As can be quickly inferred, the adjustment of the parabolic model to the movement produces a deviation that is only possible to understand with the inclusion of a friction term. In effect, the car has a front flap designed to induce a certain aerodynamic friction. By adapting the equations to include a rolling friction term (linear with velocity) and aerodynamic (Cx, quadratic dependence with velocity), a more accurate value for the acceleration of the vehicle can finally be determined. Usually the Cx only significantly influences the movement after 25 km/h.

The adjustment of a friction function for the acceleration in the form a = b + c*v + d*v2 allows to extract the local acceleration of gravity when using several sets of data for various angles.

#### Multivariate model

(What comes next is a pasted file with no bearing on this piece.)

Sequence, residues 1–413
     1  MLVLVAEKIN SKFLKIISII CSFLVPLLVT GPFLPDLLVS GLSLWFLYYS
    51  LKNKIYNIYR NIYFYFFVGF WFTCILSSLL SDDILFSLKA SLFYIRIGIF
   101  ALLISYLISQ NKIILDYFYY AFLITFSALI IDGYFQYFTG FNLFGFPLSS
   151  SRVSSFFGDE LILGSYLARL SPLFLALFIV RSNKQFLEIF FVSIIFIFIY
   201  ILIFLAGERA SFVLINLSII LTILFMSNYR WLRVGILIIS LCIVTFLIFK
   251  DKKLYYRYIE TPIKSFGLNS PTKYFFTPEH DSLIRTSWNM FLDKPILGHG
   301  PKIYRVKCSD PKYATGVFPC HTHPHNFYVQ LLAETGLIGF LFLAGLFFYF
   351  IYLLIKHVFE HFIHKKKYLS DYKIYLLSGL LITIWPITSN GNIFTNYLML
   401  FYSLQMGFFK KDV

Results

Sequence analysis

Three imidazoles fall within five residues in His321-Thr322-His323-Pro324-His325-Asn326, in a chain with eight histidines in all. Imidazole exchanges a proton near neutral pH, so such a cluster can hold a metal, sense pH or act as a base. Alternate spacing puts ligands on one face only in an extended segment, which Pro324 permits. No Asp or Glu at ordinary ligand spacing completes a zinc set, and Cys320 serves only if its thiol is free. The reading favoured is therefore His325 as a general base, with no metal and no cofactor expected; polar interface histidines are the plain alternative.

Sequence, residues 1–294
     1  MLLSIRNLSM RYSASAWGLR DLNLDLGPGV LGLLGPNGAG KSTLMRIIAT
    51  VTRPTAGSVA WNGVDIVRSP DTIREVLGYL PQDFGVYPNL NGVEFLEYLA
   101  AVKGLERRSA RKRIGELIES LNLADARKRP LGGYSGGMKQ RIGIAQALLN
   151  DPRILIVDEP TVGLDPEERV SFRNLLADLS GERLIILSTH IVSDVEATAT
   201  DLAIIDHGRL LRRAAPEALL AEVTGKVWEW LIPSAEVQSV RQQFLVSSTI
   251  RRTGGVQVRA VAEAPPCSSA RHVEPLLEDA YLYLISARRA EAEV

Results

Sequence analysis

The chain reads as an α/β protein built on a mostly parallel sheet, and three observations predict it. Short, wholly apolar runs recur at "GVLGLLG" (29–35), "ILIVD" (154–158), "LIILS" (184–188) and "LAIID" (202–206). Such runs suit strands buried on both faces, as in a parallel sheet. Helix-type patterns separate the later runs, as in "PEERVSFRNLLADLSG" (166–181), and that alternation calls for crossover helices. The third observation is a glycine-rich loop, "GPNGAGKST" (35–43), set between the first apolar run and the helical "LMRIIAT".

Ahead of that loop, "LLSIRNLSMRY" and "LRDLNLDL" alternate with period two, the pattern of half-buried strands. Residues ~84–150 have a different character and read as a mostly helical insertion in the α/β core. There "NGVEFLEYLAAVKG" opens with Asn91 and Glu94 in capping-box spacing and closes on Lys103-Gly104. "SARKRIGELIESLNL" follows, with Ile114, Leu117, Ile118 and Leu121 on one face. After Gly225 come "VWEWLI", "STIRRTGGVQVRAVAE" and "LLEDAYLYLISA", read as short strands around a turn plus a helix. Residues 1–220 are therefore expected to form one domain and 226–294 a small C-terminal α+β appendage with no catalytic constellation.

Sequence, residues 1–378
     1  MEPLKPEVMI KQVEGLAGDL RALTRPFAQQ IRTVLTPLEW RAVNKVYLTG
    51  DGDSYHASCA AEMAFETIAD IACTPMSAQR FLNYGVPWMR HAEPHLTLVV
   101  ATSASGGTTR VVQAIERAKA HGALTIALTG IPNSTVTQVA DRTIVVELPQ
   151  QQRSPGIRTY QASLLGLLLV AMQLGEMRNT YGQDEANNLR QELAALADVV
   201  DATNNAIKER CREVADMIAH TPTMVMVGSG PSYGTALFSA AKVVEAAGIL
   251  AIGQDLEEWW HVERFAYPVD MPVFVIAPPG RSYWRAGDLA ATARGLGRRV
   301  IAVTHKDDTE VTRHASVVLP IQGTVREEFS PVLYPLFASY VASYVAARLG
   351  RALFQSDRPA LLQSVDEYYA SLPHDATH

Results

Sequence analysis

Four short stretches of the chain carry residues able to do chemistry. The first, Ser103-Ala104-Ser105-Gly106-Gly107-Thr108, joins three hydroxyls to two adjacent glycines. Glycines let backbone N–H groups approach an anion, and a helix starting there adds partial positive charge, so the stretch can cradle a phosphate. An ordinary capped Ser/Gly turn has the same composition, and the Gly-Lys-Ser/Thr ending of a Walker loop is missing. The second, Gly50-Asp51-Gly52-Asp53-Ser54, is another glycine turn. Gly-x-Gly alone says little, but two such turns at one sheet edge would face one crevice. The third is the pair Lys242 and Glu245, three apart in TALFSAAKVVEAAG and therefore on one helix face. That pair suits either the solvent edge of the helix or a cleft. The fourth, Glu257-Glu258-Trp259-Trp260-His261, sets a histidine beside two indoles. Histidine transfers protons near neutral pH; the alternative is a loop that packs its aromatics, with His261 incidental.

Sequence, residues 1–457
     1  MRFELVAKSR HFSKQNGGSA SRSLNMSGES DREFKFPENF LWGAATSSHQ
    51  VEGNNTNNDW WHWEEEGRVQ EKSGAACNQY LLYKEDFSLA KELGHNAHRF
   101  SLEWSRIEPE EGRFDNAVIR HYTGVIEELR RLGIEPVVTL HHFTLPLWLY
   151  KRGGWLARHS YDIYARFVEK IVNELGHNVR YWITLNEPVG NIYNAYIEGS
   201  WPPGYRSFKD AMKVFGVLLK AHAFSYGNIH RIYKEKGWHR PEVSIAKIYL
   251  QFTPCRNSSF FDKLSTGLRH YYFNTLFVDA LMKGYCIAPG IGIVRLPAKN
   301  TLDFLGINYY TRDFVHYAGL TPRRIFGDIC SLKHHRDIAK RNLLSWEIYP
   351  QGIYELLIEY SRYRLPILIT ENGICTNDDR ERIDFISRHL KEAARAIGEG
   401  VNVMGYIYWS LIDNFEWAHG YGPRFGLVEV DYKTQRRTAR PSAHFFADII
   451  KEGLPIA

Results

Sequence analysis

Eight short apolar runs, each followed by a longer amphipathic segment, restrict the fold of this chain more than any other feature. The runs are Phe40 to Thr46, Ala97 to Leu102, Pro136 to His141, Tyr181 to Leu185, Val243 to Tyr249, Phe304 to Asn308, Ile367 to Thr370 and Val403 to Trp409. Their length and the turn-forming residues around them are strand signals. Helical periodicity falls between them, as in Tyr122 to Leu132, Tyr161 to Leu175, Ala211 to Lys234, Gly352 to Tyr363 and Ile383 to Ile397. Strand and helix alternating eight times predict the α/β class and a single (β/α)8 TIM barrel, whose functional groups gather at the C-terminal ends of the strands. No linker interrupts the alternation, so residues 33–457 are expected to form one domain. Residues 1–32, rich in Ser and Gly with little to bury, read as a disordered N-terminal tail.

The multivariate analysis used serves to build a model of numerical adjustment for various angles to the various characteristics of the movement obtained. The variation of the angle makes it possible to distinguish the effect of gravity from the effect of rolling friction force, since this is considered independent of the angle. Thus, by making a a=b+c*v+d*v2 type adjustment, the parameter b which implicitly deters the gravity and friction of the bearing (related to the mechanics of the vehicle) can be solved by separating it into b =g*sin(θ)+b friction . The remaining parameters result from a model of the dependence of friction with speed. For high values of this (typically greater than 7-10 ms-1), friction has a strong quadratic dependence on speed - aerodynamic friction - but, in our case, we also have to consider the dependence on mechanical friction (batrito+c*v), since the car departs from rest.